Report details investigation into Tony Babauta's conduct - KUAM.com-KUAM News: On Air. Online. On Demand.

Report details investigation into Tony Babauta's conduct

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by Sabrina Salas Matanane

Guam - He resigned in January 2013 in the midst of a federal investigation and now over a year later in the nation's capitol the Office of the Inspector General released the investigative report into former assistant secretary for insular areas and Guam son Tony Babauta.

"I'm satisfied that it reaffirms things that I have been saying not really in the past year and a half but during the time of the investigation and the time of my resignation and my official acts and decisions as assistant secretary are legitimate endeavors that have improved the quality of life of the areas that were under my responsibility," he said.

But in a phone interview with KUAM this morning, Babauta acknowledged there were some appearances of conflicts, but he trusted then as he does now that his personal relationships with island leaders had no bearing in how he made his final decisions. It was in January 2013 Babauta resigned from his position following the launch of an investigation by the OIG into allegations that he may have been directing OIA grants and contracts to friends.  Investigators determined that Babauta directed two OIA grants to the University of Guam to support the Micronesian Center for a Sustainable Future. The report stated "both grants went to Babauta's former employer, a UOG senior official, and UOG subsequently hired Babauta's friend as the MCSF project coordinator." Our investigation revealed that UOG allowed the MCSF project coordinator to expend close to $33,000 in grant funds on unallowable expenses, many of which were to his personal benefit.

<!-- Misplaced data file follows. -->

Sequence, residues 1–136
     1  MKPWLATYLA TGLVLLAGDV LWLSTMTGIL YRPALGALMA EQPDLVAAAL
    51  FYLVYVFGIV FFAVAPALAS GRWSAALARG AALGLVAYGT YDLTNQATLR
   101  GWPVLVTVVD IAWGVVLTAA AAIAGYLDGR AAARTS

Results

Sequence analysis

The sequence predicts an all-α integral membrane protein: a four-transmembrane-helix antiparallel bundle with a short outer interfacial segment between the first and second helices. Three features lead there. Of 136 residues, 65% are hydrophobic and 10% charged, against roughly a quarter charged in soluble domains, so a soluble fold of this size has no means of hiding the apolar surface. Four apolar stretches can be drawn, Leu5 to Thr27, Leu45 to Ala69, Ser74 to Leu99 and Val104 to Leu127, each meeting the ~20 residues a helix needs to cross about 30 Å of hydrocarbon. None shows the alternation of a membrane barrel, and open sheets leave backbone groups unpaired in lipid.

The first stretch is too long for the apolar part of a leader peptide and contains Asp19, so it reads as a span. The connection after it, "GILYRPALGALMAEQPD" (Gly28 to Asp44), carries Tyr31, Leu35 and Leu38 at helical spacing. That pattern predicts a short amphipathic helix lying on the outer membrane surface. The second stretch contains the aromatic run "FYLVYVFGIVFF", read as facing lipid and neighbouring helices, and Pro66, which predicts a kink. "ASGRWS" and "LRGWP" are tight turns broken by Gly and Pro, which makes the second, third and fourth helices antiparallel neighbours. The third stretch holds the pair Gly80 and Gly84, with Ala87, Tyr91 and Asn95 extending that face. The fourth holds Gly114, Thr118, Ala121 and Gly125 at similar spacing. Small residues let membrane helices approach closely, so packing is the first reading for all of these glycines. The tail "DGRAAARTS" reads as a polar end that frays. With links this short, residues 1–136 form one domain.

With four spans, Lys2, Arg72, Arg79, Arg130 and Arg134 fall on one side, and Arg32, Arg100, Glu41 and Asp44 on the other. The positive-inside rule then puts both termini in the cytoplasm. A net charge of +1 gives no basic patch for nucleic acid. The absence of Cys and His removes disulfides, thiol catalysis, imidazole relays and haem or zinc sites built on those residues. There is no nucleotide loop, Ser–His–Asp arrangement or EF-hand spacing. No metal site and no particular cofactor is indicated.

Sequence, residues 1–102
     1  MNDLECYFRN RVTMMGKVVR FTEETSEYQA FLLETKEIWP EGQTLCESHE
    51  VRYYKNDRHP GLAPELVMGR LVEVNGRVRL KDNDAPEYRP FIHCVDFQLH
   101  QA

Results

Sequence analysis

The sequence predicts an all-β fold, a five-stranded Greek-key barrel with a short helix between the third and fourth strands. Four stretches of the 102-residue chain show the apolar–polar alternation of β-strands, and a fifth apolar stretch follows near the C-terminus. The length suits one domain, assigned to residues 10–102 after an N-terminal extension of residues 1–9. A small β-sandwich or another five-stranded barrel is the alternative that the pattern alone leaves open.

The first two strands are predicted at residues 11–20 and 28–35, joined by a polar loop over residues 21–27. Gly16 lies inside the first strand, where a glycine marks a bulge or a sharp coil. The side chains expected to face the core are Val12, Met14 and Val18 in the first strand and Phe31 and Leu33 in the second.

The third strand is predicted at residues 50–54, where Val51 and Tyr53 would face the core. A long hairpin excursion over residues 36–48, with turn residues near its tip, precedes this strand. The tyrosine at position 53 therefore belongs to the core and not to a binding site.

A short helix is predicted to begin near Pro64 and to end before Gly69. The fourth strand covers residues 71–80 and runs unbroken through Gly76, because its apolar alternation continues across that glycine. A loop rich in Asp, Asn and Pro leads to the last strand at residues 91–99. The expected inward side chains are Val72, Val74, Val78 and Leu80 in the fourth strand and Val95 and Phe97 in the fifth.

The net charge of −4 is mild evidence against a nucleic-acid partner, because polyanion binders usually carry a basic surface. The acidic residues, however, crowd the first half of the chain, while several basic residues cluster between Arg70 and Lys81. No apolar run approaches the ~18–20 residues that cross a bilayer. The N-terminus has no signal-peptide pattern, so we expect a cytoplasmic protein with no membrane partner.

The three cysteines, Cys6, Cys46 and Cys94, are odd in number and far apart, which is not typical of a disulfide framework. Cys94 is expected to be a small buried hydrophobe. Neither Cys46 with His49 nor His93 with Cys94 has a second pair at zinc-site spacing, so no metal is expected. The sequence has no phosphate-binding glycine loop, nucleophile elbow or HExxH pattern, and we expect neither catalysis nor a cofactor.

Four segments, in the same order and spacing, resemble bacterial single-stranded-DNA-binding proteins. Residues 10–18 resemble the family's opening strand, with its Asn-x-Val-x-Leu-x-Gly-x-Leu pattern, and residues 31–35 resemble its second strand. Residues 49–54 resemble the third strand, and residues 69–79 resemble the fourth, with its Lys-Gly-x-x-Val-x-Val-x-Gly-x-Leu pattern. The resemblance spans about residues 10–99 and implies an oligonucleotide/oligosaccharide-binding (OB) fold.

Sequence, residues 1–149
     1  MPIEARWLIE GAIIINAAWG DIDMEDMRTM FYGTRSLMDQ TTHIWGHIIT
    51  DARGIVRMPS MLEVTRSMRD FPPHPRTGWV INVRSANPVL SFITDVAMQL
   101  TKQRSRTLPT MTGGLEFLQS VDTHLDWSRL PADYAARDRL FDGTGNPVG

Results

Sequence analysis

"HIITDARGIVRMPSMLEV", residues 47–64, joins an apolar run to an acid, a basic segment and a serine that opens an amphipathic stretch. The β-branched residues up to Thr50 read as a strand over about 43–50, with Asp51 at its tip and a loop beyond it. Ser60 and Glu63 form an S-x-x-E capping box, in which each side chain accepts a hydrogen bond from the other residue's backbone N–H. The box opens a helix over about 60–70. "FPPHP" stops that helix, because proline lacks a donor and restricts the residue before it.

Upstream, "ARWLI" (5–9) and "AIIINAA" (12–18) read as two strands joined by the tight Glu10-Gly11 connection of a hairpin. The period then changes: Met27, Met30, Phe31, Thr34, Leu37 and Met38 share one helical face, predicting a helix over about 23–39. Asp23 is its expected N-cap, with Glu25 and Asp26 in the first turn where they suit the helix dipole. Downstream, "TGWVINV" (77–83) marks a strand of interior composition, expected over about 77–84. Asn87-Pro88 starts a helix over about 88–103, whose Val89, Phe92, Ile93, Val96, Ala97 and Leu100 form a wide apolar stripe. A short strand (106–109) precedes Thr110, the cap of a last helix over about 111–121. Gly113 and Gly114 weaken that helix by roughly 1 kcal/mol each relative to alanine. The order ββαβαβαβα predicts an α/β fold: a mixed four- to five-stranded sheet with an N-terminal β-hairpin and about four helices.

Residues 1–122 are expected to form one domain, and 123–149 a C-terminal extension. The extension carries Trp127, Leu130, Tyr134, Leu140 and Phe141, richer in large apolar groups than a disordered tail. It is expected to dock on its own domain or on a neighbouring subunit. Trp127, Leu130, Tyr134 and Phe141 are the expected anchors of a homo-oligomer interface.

"There was absolutely no favoritism with the University of Guam. I did a lot of business and grants for all different islands and one of the first places we went to when we went to an island it was a grant that appropriate for an institution of higher learning then we went there. Actually in effect most of the universities and community colleges in all the various islands have a solid track record of receiving federal grants either from the DOI or other federal agencies that have the financial infrastructure to be able to report manage and audit the grant," he shared.

The OIG also received allegations that he mistreated his employees through discrimination and sexual harassment.  When one employee was interviewed she described an instance in which Babauta commented on her chair being warm as a result of her buttocks being warm. Babauta told investigators that he may have said it in a joking way but was only referring to the temperature of the chair.